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Isolate variability in Phytophthora tentaculata aggression and potential for biological control

Timothy Widmer: USDA ARS FDWSRU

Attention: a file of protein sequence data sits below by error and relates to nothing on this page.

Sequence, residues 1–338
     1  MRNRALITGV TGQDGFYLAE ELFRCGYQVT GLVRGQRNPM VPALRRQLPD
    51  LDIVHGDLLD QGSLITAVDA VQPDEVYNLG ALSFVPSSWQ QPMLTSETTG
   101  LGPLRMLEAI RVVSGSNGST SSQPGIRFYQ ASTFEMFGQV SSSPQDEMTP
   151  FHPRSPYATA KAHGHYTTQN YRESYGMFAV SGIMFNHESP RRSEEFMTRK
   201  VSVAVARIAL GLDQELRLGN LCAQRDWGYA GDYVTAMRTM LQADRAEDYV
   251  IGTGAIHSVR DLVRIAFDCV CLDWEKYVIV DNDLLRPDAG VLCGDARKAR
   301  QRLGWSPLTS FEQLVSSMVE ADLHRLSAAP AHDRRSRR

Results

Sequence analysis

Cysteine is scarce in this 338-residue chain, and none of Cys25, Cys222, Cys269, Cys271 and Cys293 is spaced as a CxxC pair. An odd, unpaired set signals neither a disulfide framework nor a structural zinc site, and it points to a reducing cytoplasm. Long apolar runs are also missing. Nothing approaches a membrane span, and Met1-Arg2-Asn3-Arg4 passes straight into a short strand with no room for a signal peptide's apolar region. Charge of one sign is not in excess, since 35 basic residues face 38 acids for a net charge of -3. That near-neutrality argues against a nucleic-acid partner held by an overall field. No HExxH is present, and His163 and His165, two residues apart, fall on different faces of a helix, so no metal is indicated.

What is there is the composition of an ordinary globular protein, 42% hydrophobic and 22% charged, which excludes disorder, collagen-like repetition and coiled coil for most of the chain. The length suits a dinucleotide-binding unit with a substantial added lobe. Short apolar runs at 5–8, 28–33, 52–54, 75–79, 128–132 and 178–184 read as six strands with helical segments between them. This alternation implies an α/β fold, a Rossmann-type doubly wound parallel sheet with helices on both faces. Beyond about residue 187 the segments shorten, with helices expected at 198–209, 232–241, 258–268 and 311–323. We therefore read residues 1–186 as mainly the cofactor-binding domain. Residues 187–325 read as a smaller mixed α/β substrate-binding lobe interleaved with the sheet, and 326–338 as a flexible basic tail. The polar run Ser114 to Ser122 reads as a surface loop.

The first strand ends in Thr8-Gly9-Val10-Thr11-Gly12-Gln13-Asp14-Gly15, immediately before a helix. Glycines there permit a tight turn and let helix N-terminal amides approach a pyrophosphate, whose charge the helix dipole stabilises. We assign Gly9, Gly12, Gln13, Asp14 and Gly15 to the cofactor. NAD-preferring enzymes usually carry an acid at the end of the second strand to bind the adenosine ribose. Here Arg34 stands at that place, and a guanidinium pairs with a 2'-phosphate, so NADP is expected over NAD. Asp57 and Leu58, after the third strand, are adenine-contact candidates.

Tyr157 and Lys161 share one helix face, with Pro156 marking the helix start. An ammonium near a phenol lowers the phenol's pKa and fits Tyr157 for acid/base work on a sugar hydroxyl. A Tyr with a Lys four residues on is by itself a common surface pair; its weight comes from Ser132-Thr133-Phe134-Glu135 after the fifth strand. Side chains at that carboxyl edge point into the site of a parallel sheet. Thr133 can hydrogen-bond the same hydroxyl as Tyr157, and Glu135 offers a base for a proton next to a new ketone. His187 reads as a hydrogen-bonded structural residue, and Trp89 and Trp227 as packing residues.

<div><em>Phytophthora tentaculata</em> (Pt) is a pathogen first described in 1993 from Germany on <em>Origanum vulgare (</em>oregano) and has been reported from the Netherlands, Spain, Germany, and Italy. It has recently been reported in California in 2012 on native plants including <em>Diplacus aurantiacus </em>subsp.<em> aurantiacus</em> (orange sticky monkey flower). Very little is known about this species and its behavior. The purpose of this study was to investigate the differences in aggression of Pt isolates and whether <em>Trichoderma asperellum</em> has the potential as a biological control agent (BCA) against it. Oregano seedlings were transplanted in potting mix amended with millet seed colonized by Pt isolates from Germany (2 isolates), Netherlands (1), Spain (1), and the USA (3) at rates of 0.25 or 0.5% (v/v). After 8 weeks, seedling survival among the isolates was significant and varied from 96% for one of the Germany isolates to 0% for the Spain isolate, which compared to 96% for the non-infested controls. The average top dry weight for the controls was 0.33 g and ranged from 0.45 g for one of the Germany isolates to 0.02 g for one of the USA isolates. There was no difference between the two rates. Incorporation of wheat bran colonized by <em>T. asperellum</em> isolate 04-22 into potting mix infested with a Pt isolate from the USA not only improved survival (from 42 to 100%) but significantly improved the top dry weight (1.36 g) compared to non-amended controls (0.65 g). This study shows that there is a difference in aggression among isolates and that <em>T. asperellum</em> has the potential as a BCA. This study will help in understanding and mitigating the threat that <em>P. tentaculata</em> has towards the native plant industry in CA and other potential hosts around the world.</div>